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Towns of Calderdale: Todmorden - a brief history

The Todmorden area, at the western edge of Calderdale, was settled, in places, as early as the Bronze Age and later on, there is evidence of the presence of the Romans and Saxons in the region. Sheep-farming was key to the area from the early Middle Ages and allowed for the development of a thriving woollen textile industry, based in homes, predominantly on the hillsides, long before industrialisation. The process of industrialisation, starting in the 18th Century, moved much local production from the home into the mills, which soon dotted the landscape of the area. The appearance of turnpike roads, followed by the opening of the Rochdale Canal and then the Lancashire and Yorkshire Railway, revolutionised transportation and allowed for expansion and significant population growth, particularly in the town of Todmorden itself. The Fieldens were a particularly famous local family and made a leading contribution to the establishment of the Cotton Industry in Todmorden in the late 18th & early 19th centuries. John Fielden was MP for Oldham and chiefly responsible for the Ten Hours Act of 1847, which limited working hours in the factories. Expansion in the Cotton Industry, which included the production of fustians, velveteens and sateens, and in associated textile and engineering industries, continued into the era of the First World War. The inter-war period saw the Depression, and subsequently the national decline in textile manufacturing was mirrored in the Todmorden area.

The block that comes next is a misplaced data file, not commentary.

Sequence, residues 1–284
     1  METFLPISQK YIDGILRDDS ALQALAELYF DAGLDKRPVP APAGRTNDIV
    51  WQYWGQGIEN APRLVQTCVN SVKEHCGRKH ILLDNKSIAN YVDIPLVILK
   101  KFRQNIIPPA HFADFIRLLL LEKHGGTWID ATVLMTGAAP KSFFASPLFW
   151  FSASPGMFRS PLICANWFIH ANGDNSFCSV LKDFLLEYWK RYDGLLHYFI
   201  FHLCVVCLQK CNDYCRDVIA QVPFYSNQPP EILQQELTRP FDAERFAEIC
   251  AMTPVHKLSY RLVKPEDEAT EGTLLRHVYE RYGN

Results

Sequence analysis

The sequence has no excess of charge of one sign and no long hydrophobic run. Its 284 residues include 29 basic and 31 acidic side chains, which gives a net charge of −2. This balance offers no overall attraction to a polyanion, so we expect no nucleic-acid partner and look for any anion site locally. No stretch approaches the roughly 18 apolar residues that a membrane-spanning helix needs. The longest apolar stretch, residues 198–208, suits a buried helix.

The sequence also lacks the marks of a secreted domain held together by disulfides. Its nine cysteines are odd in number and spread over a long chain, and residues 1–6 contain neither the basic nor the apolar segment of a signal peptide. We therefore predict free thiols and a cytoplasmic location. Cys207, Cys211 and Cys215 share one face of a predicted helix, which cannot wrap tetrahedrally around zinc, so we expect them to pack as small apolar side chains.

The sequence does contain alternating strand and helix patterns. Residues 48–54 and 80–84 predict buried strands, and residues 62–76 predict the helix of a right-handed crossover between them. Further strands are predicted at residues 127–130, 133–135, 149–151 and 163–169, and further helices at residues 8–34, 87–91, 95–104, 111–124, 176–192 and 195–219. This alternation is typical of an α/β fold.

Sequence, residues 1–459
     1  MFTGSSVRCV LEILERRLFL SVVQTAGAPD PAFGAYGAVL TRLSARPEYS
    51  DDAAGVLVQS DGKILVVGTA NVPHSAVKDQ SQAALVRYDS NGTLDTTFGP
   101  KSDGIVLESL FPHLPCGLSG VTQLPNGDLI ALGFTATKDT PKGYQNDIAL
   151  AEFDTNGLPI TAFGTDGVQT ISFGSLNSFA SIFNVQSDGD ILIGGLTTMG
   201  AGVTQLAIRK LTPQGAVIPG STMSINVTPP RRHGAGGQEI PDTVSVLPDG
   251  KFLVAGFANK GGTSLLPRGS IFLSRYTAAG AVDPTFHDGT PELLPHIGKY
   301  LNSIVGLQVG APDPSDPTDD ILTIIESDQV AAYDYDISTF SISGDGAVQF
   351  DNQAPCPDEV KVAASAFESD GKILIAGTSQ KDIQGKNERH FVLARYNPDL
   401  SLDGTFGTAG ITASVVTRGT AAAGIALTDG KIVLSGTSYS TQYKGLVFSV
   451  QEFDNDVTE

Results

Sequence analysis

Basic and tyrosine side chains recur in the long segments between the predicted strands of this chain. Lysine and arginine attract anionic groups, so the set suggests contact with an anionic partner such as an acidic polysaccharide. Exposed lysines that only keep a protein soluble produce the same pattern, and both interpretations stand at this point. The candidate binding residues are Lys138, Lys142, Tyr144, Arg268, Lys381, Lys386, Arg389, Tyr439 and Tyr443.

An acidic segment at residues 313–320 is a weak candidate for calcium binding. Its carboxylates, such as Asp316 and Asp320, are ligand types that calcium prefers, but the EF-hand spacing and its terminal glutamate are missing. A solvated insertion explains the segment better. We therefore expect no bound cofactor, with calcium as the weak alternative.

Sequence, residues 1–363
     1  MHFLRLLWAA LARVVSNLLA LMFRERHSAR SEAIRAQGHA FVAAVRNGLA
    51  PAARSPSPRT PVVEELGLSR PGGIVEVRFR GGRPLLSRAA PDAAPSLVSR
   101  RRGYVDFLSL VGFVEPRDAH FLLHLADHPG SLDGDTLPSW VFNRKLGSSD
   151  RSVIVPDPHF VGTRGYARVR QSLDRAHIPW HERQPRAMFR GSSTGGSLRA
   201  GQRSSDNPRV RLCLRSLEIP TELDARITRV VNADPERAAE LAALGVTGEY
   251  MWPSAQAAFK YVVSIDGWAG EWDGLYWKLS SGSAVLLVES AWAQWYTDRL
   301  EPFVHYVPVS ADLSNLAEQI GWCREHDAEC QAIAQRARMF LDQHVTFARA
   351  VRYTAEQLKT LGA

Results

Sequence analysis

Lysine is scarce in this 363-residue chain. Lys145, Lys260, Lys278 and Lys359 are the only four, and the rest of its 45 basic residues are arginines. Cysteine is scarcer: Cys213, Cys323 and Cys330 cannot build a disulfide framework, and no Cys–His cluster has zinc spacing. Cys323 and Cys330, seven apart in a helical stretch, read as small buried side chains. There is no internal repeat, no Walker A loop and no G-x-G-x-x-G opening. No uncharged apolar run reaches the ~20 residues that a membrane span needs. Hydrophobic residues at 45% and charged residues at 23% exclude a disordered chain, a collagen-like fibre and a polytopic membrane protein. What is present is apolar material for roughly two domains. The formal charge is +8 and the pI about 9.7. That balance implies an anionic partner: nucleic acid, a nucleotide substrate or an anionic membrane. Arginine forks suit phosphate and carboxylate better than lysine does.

The wider area once comprised the townships of Todmorden-cum-Walsden, Stansfield and Langfield and was similarly divided between the parishes of Halifax and Rochdale. From 1861, the town of Todmorden was governed by a local board, formed under the Local Government Act of 1858. Administratively, Todmorden has been wholly in Yorkshire since 1888, although prior to this, the county boundary between Yorkshire and Lancashire ran through the Town Hall. It was incorporated as a borough in 1896 and became part of Calderdale in 1974.

Buildings of historical and architectural importance in the area are Todmorden Town Hall, Todmorden Hall, Todmorden Unitarian Church, Christ Church, St Mary’s Church, Dobroyd Castle and the obelisk on Stoodley Pike, commemorating men who died in the Crimean War.

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